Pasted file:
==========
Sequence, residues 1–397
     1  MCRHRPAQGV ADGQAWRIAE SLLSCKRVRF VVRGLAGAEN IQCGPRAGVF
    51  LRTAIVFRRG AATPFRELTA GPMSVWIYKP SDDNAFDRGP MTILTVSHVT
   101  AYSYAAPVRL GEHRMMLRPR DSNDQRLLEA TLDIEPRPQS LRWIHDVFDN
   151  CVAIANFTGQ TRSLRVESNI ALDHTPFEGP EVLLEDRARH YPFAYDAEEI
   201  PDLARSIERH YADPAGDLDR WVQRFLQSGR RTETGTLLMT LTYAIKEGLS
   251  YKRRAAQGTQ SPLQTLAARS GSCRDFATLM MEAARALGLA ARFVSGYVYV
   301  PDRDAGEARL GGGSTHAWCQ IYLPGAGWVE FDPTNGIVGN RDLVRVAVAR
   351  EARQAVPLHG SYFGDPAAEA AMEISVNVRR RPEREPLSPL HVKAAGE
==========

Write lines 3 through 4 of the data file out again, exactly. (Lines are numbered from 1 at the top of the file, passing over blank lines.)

    51  LRTAIVFRRG AATPFRELTA GPMSVWIYKP SDDNAFDRGP MTILTVSHVT
   101  AYSYAAPVRL GEHRMMLRPR DSNDQRLLEA TLDIEPRPQS LRWIHDVFDN